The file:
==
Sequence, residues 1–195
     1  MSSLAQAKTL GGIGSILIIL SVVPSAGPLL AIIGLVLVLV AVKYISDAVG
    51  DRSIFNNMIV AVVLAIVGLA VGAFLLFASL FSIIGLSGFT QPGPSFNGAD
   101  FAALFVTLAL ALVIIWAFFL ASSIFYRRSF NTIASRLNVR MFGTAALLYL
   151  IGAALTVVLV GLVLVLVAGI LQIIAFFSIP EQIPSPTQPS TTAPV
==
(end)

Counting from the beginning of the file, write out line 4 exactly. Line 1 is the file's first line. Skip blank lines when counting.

   101  FAALFVTLAL ALVIIWAFFL ASSIFYRRSF NTIASRLNVR MFGTAALLYL